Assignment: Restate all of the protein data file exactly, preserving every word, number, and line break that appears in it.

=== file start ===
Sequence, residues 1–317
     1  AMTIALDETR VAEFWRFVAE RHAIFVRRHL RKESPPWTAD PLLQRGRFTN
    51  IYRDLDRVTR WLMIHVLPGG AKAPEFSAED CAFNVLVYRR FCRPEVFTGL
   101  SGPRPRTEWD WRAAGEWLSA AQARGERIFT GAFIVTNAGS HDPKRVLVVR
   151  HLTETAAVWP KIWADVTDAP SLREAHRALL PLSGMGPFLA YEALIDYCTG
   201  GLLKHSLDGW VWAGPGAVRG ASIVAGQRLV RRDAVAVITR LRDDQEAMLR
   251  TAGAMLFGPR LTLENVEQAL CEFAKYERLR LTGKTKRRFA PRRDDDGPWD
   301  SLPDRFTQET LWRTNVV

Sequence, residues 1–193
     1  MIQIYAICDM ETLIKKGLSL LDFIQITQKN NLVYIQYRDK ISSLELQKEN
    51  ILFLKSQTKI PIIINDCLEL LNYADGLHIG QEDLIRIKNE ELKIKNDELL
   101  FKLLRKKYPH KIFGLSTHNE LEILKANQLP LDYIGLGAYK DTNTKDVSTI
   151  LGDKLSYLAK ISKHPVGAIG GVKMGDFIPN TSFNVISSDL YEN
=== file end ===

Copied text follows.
Sequence, residues 1–317
     1  AMTIALDETR VAEFWRFVAE RHAIFVRRHL RKESPPWTAD PLLQRGRFTN
    51  IYRDLDRVTR WLMIHVLPGG AKAPEFSAED CAFNVLVYRR FCRPEVFTGL
   101  SGPRPRTEWD WRAAGEWLSA AQARGERIFT GAFIVTNAGS HDPKRVLVVR
   151  HLTETAAVWP KIWADVTDAP SLREAHRALL PLSGMGPFLA YEALIDYCTG
   201  GLLKHSLDGW VWAGPGAVRG ASIVAGQRLV RRDAVAVITR LRDDQEAMLR
   251  TAGAMLFGPR LTLENVEQAL CEFAKYERLR LTGKTKRRFA PRRDDDGPWD
   301  SLPDRFTQET LWRTNVV

Sequence, residues 1–193
     1  MIQIYAICDM ETLIKKGLSL LDFIQITQKN NLVYIQYRDK ISSLELQKEN
    51  ILFLKSQTKI PIIINDCLEL LNYADGLHIG QEDLIRIKNE ELKIKNDELL
   101  FKLLRKKYPH KIFGLSTHNE LEILKANQLP LDYIGLGAYK DTNTKDVSTI
   151  LGDKLSYLAK ISKHPVGAIG GVKMGDFIPN TSFNVISSDL YEN